;


Legal Fight Over Nazi-Looted Painting Ends After 26 Years

Breaking News
tags: Nazi, Nazi Art




Eighty years after it was seized by the Nazis as an example of "degenerate art," the decades-long legal battle over a German modernist painting has reached a settlement, reports Catherine Hickley of the New York Times. The 26-year-long legal fight by the descendants of art historian Sophie Lissitzky-Küppers is reportedly Germany's longest ever relating to Nazi-looted art.

Lissitzky-Küppers' husband purchased the painting "Swamp Legend" from artist Paul Klee shortly after its creation in 1919. The small oil painting shows Klee using bold colors to depict an abstract, Cubist figure.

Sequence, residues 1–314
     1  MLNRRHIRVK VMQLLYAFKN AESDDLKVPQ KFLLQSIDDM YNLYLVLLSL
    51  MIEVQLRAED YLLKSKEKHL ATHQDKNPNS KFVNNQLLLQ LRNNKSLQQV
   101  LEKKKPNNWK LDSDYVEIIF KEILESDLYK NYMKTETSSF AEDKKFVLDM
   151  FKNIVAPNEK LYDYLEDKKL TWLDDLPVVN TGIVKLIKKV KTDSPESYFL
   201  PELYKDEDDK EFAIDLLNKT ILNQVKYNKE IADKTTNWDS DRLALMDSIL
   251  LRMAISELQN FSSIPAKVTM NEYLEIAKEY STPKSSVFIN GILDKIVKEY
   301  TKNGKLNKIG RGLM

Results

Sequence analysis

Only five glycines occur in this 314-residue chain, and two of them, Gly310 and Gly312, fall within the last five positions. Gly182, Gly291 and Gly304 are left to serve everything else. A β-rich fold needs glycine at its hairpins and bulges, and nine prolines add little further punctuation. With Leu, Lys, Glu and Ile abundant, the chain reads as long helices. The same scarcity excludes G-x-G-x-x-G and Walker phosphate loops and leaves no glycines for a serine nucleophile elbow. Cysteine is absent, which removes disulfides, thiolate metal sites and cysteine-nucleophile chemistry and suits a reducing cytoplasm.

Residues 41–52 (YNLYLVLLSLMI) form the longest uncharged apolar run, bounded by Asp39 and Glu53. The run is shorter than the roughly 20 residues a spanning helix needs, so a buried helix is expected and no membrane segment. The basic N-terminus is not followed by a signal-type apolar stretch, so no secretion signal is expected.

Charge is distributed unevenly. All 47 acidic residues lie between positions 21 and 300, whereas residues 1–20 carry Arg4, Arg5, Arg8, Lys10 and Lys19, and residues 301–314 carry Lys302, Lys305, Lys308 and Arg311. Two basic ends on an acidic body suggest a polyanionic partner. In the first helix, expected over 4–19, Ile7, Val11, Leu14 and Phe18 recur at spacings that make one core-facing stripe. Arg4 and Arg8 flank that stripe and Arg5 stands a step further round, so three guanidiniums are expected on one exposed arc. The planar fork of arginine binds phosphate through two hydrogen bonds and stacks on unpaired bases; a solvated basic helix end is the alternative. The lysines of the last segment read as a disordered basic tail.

In 1926, following her husband's death from tuberculosis, Lissitzky-Küppers left Germany and loaned her art collection to a museum in Hanover. "Swamp Legend" remained there undisturbed until the Nazis, who viewed nearly all modern art as going against their values, seized it along with tens of thousands of other works. 


Read entire article at Smithsonian


comments powered by Disqus